By Carolyn Abdenour
Impunity Watch Reporter, Middle East
TUNIS, Tunisia – On Monday, 23 January, a Tunisian court delayed the case against Nessma TV for airing the award-winning French-Iranian film “Persepolis” for insulting Islam until 19 April. The judges will now consider the new press code adopted after the overthrow of former dictator Zine El Abidine Ben Ali.
Over 140 lawyers filed suit against Nessma TV’s station director Nabil Karoui and several of the station’s workers. The court charged them with “attacks against sacred values and morals and disturbing the public order.” Karoui could serve three years in jail if he receives a conviction. His lawyers already stated they would appeal that verdict.
When Karoui arrived at the courthouse, he said it was a political trial, a “trial of 10 million Tunisians who dreamed of having a democratic country.”
The film depicts Tunisia’s challenges of implementing Islamic values into society after years of government-enforced secularism. After the Tunisian television station showed the film on 7 October, ultraconservative Muslims, called Salafis, engaged in angry demonstrations and firebombed the station owner’s home.
Recipient of the jury prize at the 2007 Cannes Film Festival, “Persepolis” adapted Iranian director Marjane Satarpi’s graphic novels portraying a girl’s childhood during Iran’s 1979 Islamic Revolution. The animated film, dubbed in a Tunisian dialect, contains a scene where a character represents God. Islam deems depictions of God blasphemous.
The trial began on 17 November, but the judge adjourned the matter until January once lawyers began arguing inside the courtroom. On Monday, large crowds demonstrated outside the courtroom in support of Nessma TV and the Salafis.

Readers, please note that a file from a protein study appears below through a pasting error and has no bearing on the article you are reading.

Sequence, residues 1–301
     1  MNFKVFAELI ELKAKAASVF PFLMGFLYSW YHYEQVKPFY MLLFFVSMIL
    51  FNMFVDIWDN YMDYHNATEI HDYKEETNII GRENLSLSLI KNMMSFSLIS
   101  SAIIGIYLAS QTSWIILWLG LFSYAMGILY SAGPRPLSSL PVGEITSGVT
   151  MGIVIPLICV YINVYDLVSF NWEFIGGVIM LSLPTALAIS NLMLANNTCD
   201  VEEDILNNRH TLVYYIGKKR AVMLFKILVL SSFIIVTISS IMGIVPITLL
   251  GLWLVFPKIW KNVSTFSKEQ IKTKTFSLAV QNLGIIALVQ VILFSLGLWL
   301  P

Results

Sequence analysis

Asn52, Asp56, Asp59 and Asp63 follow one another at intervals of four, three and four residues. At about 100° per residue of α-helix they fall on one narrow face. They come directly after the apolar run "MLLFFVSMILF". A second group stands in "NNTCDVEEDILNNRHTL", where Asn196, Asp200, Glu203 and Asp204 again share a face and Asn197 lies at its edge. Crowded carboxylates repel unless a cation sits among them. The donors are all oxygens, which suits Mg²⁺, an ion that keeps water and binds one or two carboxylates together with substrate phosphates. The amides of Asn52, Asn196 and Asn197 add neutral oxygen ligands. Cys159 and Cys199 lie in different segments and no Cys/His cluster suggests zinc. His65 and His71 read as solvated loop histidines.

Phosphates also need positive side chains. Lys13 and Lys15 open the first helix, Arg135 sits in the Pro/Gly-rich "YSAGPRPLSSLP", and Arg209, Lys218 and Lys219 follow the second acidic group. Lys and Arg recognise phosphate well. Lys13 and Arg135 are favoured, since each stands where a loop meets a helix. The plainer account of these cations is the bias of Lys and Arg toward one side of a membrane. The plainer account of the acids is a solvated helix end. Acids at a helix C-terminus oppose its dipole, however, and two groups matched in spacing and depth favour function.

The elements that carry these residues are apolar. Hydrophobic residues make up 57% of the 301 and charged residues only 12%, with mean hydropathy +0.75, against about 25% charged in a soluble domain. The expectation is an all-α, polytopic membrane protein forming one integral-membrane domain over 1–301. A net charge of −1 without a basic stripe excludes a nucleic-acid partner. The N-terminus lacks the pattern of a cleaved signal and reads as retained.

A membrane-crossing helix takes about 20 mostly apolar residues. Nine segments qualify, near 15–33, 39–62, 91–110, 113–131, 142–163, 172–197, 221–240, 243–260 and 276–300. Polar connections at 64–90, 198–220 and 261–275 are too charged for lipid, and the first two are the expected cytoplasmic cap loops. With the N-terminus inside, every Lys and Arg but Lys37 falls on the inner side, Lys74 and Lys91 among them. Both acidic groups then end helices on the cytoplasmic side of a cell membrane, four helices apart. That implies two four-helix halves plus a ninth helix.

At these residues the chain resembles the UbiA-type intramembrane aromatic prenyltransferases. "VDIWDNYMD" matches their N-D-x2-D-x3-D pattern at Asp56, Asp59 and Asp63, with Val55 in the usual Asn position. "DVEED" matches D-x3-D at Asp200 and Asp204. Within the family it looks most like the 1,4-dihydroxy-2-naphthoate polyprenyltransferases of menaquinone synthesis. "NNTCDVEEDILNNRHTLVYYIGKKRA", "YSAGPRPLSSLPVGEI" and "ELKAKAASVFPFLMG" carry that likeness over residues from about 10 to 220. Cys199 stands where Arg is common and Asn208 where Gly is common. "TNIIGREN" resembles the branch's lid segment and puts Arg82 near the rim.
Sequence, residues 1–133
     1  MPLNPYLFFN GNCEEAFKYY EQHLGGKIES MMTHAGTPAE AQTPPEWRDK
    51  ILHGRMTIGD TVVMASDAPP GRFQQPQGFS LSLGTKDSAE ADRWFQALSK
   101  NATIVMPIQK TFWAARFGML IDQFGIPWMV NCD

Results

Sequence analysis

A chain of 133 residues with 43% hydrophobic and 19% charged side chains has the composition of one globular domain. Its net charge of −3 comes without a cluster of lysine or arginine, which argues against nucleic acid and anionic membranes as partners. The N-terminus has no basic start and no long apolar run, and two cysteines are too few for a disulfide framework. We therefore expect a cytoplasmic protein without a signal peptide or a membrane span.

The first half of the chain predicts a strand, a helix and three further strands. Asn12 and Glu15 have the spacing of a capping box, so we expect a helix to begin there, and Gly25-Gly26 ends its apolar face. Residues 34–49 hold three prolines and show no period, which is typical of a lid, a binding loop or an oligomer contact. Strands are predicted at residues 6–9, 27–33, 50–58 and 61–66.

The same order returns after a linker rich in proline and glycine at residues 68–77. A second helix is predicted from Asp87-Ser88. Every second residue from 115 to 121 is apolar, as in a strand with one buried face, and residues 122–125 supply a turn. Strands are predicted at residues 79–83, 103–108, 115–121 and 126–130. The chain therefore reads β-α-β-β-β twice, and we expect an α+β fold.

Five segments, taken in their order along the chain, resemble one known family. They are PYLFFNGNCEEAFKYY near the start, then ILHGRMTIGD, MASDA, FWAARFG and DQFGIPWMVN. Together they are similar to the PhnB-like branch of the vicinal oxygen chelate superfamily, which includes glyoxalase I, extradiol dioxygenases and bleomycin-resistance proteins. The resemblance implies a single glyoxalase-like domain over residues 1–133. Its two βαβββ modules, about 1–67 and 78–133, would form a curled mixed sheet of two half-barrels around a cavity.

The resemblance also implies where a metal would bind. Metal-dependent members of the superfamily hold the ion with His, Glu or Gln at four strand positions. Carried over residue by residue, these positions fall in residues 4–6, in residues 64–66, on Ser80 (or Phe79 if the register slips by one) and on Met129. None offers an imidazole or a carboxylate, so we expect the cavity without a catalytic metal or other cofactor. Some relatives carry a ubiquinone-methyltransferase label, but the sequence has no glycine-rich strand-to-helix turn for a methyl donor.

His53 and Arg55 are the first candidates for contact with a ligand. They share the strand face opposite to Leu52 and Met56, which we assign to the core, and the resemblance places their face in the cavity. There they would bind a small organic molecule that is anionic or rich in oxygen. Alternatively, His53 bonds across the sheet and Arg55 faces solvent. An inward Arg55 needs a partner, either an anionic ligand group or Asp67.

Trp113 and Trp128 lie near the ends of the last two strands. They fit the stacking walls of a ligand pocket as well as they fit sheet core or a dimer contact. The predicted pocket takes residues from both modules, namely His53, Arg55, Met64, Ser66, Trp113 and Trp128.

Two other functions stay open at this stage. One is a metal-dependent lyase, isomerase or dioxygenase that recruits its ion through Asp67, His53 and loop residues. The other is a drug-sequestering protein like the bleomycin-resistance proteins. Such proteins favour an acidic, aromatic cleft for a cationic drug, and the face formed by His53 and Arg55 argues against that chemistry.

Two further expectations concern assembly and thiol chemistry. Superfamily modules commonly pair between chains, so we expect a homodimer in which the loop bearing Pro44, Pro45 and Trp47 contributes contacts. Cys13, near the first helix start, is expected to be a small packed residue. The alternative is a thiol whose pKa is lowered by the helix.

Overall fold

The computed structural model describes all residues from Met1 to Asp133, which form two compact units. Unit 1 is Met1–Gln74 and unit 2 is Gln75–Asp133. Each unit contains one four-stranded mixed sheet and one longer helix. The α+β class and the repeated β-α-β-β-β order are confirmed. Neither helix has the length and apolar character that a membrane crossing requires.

The Salafis chanted, “Secularists, you have no place in Tunisia”. Demonstrator Mohammed Chammam added, “If the people of Nessma do not return to the right path, their activities will be halted by any means necessary, including violence.”
However, several major Tunisian figures visited the courthouse to support the television station, including lawyers, human rights activists, non-governmental organizations, and ex-political leaders. Amnesty International and Paris-based International Federation of Human Rights also called upon the Tunisian government to end the trial.
Ben Ali enforced secularism and persecuted Islamists until the people overthrew him in January 2011. Throughout the past year, a small group of Salafists began promoting Islam’s ultraconservative form. Two weeks after the film aired, Ennahda, a moderate Islamist party that does not hold the Salafists’ extreme ideology, dominated Tunisia’s elections.
Mohamed Bennour, the Ettakatol Party’s spokesperson, said, “The Tunisian people revolted to eradicate all types of censorship. This trial is an influential battle that will decide the future of freedom of expression and personal freedoms in Tunisia.”
For further information, please see:
The National – Trial Of Tunisian TV Station Owner Accused Of Offending Islam Postponed – 24 Jan 2012
Al Arabiya News – ‘Persepolis’ Trial Resumes In Tunisia In Tense Climate – 23 Jan 2012
Boston Globe – Tense Tunisia ‘Persepolis’ Trial Delayed To April – 23 Jan 2012
Tunisia Live – Trial Postponed for Tunisia TV Station Owner Responsible for ‘Persepolis’ Airing – 23 Jan 2012